In 1966 this genial French anti-war comedy-drama starring a younger-looking 32 year old  Alan Bates and featuring the beautiful 24 year-old Genevieve Bujold was launched without much critical or commercial success, but has since achieved cult status as a film that makes its serious points amusingly.

Bates, who died of pancreatic cancer in 2003 aged 69 plays Private Plumpick, a kilt-wearing Scottish Signal Corps soldier in the First World War who looks after carrier pigeons but, due to being French-born is sent by his superiors to scupper the arrangements of the German soldiers who have set a booby-trap of enough explosives to blow a small French town off the map, this triggered by the church clock where a knight in armour comes out and strikes a bell at 12.00 midnight.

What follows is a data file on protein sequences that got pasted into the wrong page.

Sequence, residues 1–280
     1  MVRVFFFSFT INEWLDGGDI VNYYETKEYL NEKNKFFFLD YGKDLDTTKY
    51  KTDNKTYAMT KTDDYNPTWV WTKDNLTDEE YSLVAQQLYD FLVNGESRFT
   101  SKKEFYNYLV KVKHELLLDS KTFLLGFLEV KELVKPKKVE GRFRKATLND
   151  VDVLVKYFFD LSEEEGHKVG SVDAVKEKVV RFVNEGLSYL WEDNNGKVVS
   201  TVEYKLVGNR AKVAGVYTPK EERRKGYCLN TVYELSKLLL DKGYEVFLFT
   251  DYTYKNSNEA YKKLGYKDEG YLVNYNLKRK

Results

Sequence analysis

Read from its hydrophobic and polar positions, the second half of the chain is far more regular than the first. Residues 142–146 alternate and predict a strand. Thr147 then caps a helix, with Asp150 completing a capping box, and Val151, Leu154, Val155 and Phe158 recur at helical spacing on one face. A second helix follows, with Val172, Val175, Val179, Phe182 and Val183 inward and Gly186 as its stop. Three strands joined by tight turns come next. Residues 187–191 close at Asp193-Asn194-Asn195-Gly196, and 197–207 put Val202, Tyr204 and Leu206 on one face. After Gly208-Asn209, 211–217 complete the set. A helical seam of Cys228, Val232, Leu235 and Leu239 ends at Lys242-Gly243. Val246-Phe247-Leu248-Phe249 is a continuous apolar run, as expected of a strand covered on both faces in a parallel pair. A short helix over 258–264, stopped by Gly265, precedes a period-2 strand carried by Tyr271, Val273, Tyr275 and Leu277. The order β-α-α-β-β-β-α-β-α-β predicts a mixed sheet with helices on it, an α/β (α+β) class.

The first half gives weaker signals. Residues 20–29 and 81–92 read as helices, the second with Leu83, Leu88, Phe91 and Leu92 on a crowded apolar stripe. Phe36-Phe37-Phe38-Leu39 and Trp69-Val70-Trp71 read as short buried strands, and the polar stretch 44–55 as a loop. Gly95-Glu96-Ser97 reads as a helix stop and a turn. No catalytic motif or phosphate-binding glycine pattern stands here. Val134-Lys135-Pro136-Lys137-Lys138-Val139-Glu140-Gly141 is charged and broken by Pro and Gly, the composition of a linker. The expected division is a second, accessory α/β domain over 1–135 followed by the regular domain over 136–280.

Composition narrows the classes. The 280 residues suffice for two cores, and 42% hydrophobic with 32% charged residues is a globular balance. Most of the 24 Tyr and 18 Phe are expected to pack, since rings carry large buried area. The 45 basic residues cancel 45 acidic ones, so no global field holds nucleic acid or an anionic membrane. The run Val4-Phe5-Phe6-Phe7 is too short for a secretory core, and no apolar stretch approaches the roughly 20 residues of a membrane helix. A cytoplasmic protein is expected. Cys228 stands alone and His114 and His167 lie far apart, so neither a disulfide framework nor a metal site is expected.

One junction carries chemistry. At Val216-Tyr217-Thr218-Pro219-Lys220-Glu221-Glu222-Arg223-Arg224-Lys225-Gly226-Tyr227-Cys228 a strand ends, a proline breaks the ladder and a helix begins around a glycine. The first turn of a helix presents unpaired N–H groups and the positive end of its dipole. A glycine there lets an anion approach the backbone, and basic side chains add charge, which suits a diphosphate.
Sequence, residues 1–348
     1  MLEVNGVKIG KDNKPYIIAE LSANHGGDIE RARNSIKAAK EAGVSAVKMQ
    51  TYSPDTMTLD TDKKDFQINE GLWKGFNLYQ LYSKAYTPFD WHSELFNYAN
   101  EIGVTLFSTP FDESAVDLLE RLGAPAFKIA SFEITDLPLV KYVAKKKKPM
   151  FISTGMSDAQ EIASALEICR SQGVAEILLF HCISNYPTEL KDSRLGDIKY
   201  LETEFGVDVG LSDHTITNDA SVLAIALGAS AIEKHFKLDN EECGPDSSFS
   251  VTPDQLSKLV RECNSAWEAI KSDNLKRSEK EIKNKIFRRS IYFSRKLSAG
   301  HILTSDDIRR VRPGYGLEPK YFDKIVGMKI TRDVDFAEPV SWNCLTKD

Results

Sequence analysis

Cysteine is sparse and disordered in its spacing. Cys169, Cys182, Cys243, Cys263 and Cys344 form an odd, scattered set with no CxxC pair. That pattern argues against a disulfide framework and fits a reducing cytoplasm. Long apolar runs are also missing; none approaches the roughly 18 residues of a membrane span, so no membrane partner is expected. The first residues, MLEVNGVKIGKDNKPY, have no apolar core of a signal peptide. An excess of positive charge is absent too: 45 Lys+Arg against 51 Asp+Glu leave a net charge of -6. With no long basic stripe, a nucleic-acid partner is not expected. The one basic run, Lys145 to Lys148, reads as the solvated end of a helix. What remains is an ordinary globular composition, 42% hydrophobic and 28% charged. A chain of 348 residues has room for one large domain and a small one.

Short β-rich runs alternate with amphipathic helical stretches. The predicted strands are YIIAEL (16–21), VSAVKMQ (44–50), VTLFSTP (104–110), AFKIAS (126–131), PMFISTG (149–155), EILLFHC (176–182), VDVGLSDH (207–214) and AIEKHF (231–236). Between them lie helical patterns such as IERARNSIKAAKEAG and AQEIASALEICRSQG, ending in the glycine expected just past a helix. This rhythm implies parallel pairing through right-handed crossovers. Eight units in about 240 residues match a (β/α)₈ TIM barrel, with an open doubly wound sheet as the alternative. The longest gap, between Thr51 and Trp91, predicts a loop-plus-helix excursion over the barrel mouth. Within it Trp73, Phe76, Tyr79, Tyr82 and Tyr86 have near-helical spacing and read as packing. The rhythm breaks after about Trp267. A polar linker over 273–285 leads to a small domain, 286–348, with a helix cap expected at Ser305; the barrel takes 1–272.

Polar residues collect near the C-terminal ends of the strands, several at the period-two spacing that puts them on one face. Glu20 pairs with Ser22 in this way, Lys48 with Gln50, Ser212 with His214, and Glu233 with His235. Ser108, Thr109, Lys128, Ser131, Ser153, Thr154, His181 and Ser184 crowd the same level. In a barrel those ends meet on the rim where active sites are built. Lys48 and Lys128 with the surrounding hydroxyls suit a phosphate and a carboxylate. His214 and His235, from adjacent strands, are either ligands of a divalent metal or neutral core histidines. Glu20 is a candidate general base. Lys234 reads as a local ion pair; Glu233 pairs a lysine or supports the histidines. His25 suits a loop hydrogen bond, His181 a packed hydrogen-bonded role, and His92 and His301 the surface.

Before Plumpick arrives the locals, warned about the destruction to come, vacate the place, leaving the gate to the local asylum open for the inmates to escape. This they do and start play-acting roles left by the fleeing townspeople, such as barber, mayor,  and appointing themselves Count, Countess, Duke, General etc When Plumpick arrives he is crowned their King of Hearts by them and  is gradually charmed by them and their sunny dispositions, in contrast to everyone else he knows, caught up in the real madness and futility of war. Especially charming for him is Poppy (Bujold),a lovely young prostitute from the local brothel who engagingly trips around everywhere in a fetching tutu.

Also featuring a strong French cast King of Hearts has been restored by Eureka Entertainment and started playing in selected cinemas in the UK and Ireland from June 8th.

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